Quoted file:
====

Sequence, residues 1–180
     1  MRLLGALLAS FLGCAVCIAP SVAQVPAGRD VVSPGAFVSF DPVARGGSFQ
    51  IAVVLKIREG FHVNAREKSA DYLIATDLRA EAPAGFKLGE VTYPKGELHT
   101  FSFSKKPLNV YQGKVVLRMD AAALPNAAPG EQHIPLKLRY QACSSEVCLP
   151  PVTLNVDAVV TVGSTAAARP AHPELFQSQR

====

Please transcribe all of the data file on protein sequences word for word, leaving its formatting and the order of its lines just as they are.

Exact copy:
Sequence, residues 1–180
     1  MRLLGALLAS FLGCAVCIAP SVAQVPAGRD VVSPGAFVSF DPVARGGSFQ
    51  IAVVLKIREG FHVNAREKSA DYLIATDLRA EAPAGFKLGE VTYPKGELHT
   101  FSFSKKPLNV YQGKVVLRMD AAALPNAAPG EQHIPLKLRY QACSSEVCLP
   151  PVTLNVDAVV TVGSTAAARP AHPELFQSQR